If you find an error in an electronically filed 1099 form, you must file a corrected return. Don’t file the original form again, and file only the specific returns that were in error. If you omitted a return from a previous filing, file it as an original return.

To report a missing or incorrect taxpayer ID number (TIN),  you must write to the IRS and include:

  • Name and address of payer
  • Type of error
  • Tax year
  • Payer TIN
  • Transmitter Control Code (TCC)
  • Type of return
  • Number of payees
  • Filing method (paper or electronic)
  • Whether federal income tax was withheld

Send the letter to:

Internal Revenue Service

Information Returns Branch

230 Murall Drive, Mail Stop 4360

Kearneysville WV 25430

There are specific procedures for correcting one-transaction and two-transaction errors on the FIRE system. Check with your tax professional for help with this process.


The IRS issues penalties for not filing required 1099 forms or not sending these forms to recipients on time. In addition, you can be penalized if the 1099 form has significant uncorrected errors, such as missing or incorrect TINs.

What If You Receive an Incorrect 1099?

If you received an incorrect 1099-MISC or 1099-NEC form, notify the payer immediately to explain the error and request a new form. If you don’t receive a new 1099 before the time you’re required to file your tax return, check with a licensed tax preparer to see how to deal with the incorrect form.

Frequently Asked Questions (FAQs)

How long can corrections be made on a 1099?

Errors on tax forms should always be corrected as soon as possible, in part because the error could affect the recipient’s tax return. There are also penalties for filing a 1099 form that includes an incorrect TIN, which is one error that should be corrected immediately.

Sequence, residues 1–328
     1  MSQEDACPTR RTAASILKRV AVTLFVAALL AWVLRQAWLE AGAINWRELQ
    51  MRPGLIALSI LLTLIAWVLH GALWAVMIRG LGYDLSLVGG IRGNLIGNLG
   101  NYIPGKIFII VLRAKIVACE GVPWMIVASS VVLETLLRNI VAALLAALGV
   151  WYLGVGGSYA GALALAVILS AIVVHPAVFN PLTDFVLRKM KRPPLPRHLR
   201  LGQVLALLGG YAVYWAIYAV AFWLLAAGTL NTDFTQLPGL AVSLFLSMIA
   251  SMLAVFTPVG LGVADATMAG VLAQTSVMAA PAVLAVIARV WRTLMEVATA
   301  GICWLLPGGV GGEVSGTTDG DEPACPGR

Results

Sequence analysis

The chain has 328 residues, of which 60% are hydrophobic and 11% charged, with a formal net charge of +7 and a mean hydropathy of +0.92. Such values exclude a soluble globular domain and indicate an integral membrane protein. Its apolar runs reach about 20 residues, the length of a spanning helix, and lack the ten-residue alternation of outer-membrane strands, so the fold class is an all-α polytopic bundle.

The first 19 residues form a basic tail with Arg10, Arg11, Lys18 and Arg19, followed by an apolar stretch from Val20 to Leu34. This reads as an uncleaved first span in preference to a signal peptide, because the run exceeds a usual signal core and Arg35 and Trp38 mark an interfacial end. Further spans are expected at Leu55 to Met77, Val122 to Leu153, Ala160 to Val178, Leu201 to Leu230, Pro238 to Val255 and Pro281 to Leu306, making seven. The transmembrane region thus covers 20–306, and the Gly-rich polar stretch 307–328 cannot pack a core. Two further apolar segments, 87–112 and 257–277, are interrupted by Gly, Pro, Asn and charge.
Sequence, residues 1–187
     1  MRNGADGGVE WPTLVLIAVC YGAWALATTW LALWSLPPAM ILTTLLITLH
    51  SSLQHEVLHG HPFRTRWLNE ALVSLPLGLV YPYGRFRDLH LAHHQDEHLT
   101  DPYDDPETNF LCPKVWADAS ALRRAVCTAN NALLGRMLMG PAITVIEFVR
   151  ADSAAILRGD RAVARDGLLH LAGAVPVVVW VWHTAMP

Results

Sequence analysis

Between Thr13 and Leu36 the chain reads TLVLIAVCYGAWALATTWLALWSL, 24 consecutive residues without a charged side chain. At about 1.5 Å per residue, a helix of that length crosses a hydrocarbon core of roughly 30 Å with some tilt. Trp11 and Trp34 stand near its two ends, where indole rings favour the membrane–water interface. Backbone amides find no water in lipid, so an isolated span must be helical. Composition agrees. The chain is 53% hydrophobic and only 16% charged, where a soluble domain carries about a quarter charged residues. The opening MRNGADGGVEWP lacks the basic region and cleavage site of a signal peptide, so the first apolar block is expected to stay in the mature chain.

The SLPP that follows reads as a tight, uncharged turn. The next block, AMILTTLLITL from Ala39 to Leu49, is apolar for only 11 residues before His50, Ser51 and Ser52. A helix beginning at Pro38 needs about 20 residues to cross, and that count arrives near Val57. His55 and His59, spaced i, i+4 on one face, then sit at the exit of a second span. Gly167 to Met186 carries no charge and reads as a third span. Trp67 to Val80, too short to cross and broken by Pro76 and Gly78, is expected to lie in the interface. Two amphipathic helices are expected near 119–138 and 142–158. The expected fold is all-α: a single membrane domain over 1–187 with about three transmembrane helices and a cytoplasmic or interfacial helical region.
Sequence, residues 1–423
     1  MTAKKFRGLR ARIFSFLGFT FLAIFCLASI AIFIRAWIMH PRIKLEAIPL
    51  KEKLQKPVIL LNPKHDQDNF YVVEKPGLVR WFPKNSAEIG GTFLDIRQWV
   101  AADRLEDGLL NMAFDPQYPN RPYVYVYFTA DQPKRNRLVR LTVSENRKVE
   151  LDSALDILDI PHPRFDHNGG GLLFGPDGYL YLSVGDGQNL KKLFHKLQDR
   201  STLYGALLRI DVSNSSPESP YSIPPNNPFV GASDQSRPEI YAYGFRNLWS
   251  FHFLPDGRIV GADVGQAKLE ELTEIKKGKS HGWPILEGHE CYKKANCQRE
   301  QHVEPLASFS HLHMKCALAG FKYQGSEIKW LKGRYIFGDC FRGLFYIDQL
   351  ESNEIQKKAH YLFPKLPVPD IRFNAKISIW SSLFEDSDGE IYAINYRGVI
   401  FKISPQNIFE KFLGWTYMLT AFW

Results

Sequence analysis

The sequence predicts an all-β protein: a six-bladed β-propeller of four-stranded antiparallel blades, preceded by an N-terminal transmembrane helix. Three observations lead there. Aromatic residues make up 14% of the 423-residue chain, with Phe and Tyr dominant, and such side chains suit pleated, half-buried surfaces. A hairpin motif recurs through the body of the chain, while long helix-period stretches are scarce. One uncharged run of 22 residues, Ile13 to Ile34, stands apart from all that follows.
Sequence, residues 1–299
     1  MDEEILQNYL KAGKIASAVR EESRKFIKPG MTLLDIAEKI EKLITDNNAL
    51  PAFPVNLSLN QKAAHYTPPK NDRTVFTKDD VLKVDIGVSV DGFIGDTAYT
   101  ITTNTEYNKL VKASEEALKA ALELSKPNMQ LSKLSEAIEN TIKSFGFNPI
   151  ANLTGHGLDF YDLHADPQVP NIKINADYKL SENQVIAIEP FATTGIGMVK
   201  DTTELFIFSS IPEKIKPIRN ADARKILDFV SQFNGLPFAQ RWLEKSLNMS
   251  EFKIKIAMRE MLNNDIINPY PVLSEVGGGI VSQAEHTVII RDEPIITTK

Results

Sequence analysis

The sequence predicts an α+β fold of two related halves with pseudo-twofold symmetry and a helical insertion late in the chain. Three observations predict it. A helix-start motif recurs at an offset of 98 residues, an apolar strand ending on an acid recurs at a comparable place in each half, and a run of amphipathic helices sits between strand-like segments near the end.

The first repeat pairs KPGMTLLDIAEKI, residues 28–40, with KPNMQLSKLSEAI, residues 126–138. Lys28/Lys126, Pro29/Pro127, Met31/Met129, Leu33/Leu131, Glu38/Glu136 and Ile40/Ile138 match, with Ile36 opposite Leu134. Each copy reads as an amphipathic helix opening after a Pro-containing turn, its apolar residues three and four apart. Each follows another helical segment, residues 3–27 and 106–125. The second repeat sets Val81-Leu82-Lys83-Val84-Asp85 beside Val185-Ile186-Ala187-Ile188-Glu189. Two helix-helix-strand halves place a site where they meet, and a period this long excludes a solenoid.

The IRS doesn’t set a specific deadline for correcting tax forms, but an amended tax return (Form 1040-X) must be filed within three years after the date of filing of the original return or within two years after the date the tax was paid.

How do you mail a corrected 1099?

When you have made corrections to one or more 1099 forms, complete a new 1099 form for each recipient. Mail Copy A and the corrected transmission form (Form 1096) to the IRS processing center. Give Copy 2 and Copy B to the recipient. Keep both copies of Copy C (the incorrect one and the corrected one) for your business records.

There are three designated 1099 submission processing centers for specific states. See page 7 of the IRS’ General Instructions document to find out where to send your corrected forms.

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  1. IRS. "General Instructions for Certain Information Returns." Page 27.

  2. IRS. “General Instructions for Certain Information Returns.” Page 9.

  3. IRS. "Publication 1220 Specifications for Electronic Filing of Forms 1097, 1098, 1099, 3921, 3922, 5498, and W-2G." Page 17.